Categorization by Character-Level Models: Exploiting the Sound Symbolism of Proper Names
Master’s thesis, Symbolic Systems Program, Stanford University
Christopher D. Manning, Advisor
June 11, 2003

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A character-level hidden markov model (HMM)After four years as an undergraduate at Stanford, I wasn’t ready to leave yet. There were more classes I wanted to take, and I wanted to do more research. Since I was in the Symbolic Systems program, I was taking a mix of Computer Science, Linguistics, Psychology, and Philosophy classes for my major. I was particularly interested in CS and Linguistics, and I wanted to take many of the graudate-level classes in each department, so I really needed a fifth year at school.

During my senior year, I had started doing some NLP research with Chris Manning, which I was really enjoying. When I took his CS224N class, I did a final paper with Steve “Sensei” Patel in which we built a model to recognize unknown words as drug, company, person, place, and movie names based on their composition (e.g. “cotramoxizole” looks like a drug word, and “InterTrust” looks like company name, and we trained our model to learn these patterns). Our model performed very well–in fact, it did better than our friends on the same tests!–and Chris asked me if I’d like to develop this research further with him. After the work we did during my senior year, he offered to fund me as a research assistant during my fifth year.

Stanford has this amazing co-terminal master’s program where you can start taking master’s classes before you finish your undergraduate degree, and so you end up getting both degrees in five years (some people, like my wife, even manage to squeeze both degrees into four years, but like I said, I wasn’t ready to leave yet). The symbolic systems program had just started offering a co-term, but it was research-based (in some departments you just have to take more classes) and so one requirement was you had to have a professor sponsoring your research and vouching that you were serious. The timing was perfect, and I was selected as one of a few students to do a research MS in SSP that year.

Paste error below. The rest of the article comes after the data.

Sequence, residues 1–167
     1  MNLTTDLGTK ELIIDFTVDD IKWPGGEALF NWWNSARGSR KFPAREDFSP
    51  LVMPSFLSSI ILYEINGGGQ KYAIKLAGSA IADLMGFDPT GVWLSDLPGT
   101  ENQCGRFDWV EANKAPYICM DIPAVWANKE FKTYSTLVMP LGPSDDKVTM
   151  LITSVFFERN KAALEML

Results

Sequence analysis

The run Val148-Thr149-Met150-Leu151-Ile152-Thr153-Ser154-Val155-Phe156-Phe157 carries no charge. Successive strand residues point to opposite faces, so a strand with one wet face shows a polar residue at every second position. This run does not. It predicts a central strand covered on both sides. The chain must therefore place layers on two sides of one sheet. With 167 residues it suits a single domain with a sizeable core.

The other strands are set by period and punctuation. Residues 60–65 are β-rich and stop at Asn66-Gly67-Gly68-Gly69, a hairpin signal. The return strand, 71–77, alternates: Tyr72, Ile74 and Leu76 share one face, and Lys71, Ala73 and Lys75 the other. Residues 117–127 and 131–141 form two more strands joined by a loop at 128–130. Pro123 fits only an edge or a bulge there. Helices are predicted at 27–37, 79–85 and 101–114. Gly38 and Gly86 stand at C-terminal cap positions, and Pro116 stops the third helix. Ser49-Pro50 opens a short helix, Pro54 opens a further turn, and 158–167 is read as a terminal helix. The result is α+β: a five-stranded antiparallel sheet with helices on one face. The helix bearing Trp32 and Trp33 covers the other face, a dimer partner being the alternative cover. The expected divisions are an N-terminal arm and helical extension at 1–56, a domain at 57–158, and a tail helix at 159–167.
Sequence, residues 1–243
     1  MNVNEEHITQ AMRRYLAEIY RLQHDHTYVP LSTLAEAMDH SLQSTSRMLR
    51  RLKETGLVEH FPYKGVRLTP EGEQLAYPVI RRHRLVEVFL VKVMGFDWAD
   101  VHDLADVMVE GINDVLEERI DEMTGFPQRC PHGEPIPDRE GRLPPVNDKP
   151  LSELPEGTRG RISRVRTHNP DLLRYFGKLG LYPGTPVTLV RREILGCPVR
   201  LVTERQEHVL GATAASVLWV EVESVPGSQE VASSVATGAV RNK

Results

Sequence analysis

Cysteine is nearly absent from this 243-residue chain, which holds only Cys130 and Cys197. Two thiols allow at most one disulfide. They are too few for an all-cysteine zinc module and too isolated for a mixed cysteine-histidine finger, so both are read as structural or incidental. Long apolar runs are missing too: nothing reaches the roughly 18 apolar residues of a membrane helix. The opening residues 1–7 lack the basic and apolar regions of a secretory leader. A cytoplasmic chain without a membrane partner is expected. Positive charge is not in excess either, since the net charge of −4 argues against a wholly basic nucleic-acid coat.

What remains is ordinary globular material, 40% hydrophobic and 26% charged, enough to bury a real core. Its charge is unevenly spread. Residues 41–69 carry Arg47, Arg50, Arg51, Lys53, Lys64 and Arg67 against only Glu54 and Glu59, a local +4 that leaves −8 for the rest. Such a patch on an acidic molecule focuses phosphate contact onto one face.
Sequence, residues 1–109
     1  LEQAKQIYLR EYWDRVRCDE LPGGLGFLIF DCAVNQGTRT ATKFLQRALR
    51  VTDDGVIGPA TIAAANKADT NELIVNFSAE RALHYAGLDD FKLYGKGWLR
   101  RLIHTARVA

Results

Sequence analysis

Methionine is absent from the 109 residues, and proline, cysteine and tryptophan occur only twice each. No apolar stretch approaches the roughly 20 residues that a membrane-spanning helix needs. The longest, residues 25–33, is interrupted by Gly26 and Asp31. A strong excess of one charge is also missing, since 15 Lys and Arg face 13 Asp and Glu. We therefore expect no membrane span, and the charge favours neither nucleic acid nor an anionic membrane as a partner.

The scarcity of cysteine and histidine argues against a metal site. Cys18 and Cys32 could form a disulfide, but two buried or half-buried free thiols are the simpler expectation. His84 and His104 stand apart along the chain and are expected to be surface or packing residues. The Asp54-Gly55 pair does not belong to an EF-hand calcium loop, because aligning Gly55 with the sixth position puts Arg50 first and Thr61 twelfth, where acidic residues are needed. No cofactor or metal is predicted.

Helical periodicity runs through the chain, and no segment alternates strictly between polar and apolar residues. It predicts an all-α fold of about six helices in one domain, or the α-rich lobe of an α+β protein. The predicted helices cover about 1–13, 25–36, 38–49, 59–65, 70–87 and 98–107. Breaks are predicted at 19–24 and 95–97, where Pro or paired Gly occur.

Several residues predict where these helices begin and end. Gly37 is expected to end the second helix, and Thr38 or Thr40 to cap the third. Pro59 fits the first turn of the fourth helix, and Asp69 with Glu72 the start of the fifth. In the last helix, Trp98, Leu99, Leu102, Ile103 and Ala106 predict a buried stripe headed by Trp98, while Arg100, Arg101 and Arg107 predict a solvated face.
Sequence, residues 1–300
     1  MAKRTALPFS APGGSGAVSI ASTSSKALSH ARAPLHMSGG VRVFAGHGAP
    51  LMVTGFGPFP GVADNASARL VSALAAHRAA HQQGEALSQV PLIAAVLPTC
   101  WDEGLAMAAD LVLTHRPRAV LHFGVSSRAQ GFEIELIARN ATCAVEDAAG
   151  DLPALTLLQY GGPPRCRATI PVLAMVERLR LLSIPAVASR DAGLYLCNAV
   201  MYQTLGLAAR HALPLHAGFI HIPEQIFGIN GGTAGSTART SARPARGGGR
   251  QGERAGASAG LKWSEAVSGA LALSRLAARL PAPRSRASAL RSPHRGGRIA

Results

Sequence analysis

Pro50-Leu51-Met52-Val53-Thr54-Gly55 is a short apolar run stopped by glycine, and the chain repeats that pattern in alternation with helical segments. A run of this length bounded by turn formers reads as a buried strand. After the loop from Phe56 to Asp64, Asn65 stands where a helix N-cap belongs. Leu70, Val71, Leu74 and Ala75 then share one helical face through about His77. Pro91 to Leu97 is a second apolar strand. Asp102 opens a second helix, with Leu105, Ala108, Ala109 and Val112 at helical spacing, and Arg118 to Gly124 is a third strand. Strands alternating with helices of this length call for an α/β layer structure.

(That summer, I also met the founders of Plaxo and started working “part time” building some NLP tools for them. That’s another story, but let me say it’s really not possible to do research and a startup at the same time and do both of them well.)

While working in the Stanford NLP group, I spent a lot of time with Dan Klein, one of Chris’s star PhD students, who’s now a professor at Berkeley. He had a major influence on my work, as well as on me personally. During my co-term year, I also started working with a CS master’s student named Huy Nguyen. We became good friends and he’s now an engineer at Plaxo (hmm, I wonder how that happened ;)).

I wrote quite a few academic NLP papers during my time at Stanford, some of which got published and some of which didn’t. The original paper I did with Chris based on my CS224N project got rejected, but it ended up forming the core of the model Dan, Huy, and I used at the CoNLL-03 competition, which was very successful and has since been widely cited.

My thesis represents the culmination of the work I did at Stanford. It’s central thrust is that you can tell a surprisingly great deal about a proper name by looking at its composition at the character-level. Most NLP systems just treat words as opaque symbols (“dog” = x1, “cat” = x2, etc.) and treat all unknown (previously unseen) words as a generic UNK word (that’s really all you can do if you’re only gathering statistics at the word-level). As a result, these systems often perform poorly when dealing with unknown words, which is increasingly common as they are applied to the untamed world-wide-web or to domains like medicine and biology that are full of specific technical words.

My research looked at a variety of ways you could exploit regularities in the character sequences of unknown words to segment and classify them semantically, even though you’d never seen them before. In addition to presenting experimental results in a number of domains and in multiple lanugages, I also investigated why there appears to be this sound-symbolic regularity in naming, looking at language evolution and professional brand-name creation in particular.

When my thesis was complete, I had to decide whether to apply to a PhD program to continue my research or to instead join Plaxo full-time as an engineer. As you probably know, I ended up choosing Plaxo, mainly because I really believed in the founders and the company’s vision, but also because I wanted to do something tangible that would have immediate impact in the real-world. But I still think that someday I might like to go back to school and continue doing NLP research. The way I look at it, I can’t lose: by the time I’m ready to go back, either all the interesting problems in NLP will have already been solved–in which case the world will be a truly amazing place to live–or there will still be plenty for me left to work on. :)

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